Making the Grade: Glazing Stands Out on Virtual Learning Academy

The recently opened Berrien Springs School District’s Virtual Learning Academy in Michigan was designed with an abundance of glazing features, including its storefront system, which helps make it unique. The building’s striking exterior, designed by Edwardsburg, Mich.-based CARMI Design Group, is one indication that this school is different from others in Southwestern Michigan.

According to Tony Leininger, president of CARMI Design Group, his firm was approached by the school board superintendent, with whom they had worked for many years, about creating a virtual learning program in the school district. Leininger says the superintendent had a vision that the virtual program should be connected to something visual and not be something tucked away; they wanted a stand-alone building and wanted the form to relate to what was going on inside.

“So it needed to have a high-tech, edgy look,” says Leininger. “We wanted the building’s form to portray the modern style of learning that occurs within its walls.”

The resulting design features three distinct spaces, sharp angles and generous uses of glass framed in recycled aluminum by Walker, Mich.-based Tubelite’s 14000 and T14650 Series Storefronts. Midwest Glass & Mirror of Stevensville, Mich., was the contract glazier and Wausau, Wis.-based Linetec painted the aluminum in Hartford Green fluoropolymer finish, corresponding with the school’s “Home of the Shamrocks” motto. PPG Industries was the glass supplier.

While the building is only 6,700 square feet, Leininger says material selection helped them achieve the look they were going for.

“The materials helped create the unique geometry of the structure,” he says. Speaking of the entrance system, Leininger points out that it was not orthogonal or perpendicular to the earth. Likewise, the building is single-story and they wanted to be able to stretch the storefront horizontally. In order to achieve the design, Leininger and his team worked collaboratively with Tubelite and the company’s engineers to create the structure. This was important, he says, as it’s the entrance that gives the building its signature look.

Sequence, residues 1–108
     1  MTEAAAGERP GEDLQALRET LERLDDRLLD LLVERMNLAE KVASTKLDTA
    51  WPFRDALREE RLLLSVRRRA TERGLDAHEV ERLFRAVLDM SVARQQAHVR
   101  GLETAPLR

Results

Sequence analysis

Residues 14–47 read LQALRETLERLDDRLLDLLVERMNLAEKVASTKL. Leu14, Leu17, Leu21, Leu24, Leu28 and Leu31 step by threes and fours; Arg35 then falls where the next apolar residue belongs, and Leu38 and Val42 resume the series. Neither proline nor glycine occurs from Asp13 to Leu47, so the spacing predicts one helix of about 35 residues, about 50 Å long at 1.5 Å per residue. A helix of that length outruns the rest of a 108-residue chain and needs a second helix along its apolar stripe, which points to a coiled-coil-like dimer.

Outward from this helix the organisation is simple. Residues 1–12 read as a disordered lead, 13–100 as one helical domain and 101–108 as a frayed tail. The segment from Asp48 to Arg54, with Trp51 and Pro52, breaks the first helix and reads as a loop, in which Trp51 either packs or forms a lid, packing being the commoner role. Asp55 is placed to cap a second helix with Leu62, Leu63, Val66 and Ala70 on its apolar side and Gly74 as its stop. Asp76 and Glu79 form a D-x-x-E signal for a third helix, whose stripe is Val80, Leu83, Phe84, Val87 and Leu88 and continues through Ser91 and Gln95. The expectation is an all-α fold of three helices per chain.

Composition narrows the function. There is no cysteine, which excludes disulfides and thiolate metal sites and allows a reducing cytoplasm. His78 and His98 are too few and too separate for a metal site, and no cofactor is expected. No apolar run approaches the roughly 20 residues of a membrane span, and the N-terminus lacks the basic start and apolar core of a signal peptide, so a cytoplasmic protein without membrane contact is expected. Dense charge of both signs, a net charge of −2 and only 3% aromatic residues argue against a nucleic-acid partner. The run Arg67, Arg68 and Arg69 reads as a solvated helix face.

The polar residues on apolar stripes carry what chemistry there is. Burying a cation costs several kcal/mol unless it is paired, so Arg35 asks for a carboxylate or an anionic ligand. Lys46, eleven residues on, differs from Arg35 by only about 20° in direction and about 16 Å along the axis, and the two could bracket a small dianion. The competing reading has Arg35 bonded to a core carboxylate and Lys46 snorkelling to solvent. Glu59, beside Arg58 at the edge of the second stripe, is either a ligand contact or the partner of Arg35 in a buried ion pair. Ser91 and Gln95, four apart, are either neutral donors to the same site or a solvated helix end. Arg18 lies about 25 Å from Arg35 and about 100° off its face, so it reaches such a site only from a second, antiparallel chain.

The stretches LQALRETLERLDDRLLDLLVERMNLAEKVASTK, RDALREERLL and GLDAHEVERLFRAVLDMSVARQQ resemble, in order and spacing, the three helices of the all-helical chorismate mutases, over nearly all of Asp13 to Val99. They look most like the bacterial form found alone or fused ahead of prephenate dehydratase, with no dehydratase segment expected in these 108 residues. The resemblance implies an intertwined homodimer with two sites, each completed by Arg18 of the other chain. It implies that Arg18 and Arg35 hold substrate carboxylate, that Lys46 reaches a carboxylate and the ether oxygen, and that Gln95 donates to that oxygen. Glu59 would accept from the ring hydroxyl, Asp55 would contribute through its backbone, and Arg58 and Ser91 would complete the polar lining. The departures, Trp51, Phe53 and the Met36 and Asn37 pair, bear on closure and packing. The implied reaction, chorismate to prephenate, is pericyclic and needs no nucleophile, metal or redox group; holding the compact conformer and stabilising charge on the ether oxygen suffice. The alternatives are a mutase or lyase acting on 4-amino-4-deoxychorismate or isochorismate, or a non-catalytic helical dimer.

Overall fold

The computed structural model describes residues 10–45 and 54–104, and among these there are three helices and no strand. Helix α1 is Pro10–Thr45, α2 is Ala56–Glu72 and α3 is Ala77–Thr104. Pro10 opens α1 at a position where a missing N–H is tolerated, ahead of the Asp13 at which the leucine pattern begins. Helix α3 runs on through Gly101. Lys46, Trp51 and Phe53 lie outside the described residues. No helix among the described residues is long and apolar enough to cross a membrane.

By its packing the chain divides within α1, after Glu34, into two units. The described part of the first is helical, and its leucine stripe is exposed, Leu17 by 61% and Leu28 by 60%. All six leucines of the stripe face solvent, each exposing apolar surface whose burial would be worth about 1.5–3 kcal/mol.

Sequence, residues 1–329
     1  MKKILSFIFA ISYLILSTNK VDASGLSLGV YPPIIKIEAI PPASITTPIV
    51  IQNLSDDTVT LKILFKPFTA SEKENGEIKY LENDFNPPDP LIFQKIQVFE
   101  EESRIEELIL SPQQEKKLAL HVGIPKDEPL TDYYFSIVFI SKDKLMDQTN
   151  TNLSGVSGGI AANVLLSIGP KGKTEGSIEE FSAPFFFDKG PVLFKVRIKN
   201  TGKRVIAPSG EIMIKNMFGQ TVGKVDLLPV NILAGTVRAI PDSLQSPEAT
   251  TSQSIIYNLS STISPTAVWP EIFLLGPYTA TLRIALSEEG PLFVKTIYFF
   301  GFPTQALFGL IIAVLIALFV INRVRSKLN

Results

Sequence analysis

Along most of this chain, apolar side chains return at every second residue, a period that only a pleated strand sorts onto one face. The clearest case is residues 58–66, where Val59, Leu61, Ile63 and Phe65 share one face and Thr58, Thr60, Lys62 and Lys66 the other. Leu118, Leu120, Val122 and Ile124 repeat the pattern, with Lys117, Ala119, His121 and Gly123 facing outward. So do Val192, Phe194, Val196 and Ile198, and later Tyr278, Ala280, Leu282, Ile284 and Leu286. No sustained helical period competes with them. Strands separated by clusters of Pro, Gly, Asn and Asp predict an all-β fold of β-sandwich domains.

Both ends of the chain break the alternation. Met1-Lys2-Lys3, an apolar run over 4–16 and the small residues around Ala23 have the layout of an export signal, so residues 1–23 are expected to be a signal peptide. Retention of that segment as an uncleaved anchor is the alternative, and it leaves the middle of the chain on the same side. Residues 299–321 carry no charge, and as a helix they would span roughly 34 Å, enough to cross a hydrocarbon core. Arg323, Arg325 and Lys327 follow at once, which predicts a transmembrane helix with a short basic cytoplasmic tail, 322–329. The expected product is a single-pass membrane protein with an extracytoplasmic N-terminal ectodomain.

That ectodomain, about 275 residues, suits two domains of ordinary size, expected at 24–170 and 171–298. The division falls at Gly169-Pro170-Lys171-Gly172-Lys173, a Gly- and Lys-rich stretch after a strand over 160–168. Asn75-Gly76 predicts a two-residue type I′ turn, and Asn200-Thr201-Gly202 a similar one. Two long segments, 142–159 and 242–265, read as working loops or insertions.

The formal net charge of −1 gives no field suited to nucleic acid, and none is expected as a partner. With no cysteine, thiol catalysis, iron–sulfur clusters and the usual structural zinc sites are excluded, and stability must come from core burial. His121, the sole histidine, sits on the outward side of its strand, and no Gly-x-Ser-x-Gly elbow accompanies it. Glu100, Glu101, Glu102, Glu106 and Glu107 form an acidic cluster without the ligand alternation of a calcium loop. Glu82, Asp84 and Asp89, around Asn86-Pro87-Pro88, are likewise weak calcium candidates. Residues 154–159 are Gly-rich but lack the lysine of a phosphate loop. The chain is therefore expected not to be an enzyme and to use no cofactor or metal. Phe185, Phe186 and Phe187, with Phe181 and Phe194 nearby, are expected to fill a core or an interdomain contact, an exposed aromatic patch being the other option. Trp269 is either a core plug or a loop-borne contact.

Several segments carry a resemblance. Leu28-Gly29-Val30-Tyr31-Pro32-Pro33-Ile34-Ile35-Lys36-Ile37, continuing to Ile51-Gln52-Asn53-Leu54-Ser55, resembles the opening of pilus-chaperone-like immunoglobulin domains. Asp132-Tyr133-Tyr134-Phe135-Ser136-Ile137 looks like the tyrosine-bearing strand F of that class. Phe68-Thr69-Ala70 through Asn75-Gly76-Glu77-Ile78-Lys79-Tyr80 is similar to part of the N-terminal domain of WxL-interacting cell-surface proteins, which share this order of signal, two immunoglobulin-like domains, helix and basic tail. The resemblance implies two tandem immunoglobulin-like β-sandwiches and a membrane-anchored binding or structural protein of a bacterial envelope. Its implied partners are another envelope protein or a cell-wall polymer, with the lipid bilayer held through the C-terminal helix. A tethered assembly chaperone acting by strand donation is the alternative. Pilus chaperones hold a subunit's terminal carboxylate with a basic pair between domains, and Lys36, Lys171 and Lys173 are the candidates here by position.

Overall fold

“It’s not everyday you have a project come along where the owner wants to create such a signature look,” says Leininger, who adds, “From the beginning we wanted to emulate the feeling of progressing upward … and the entrance helps [to create that effect].”

The $1.8 million Virtual Learning Academy , which offers area students both traditional on-site education and online courses, opened for high school students at the start of the fall semester, September 2010, and now offers enrollment for middle school students.

The Virtual Learning Academy’s edgy architecture has garnered positive reviews from district staff and the community, and has helped the building become the face of the district.

Photos by Joseph Hilliard, courtesy of Tubelite Inc.


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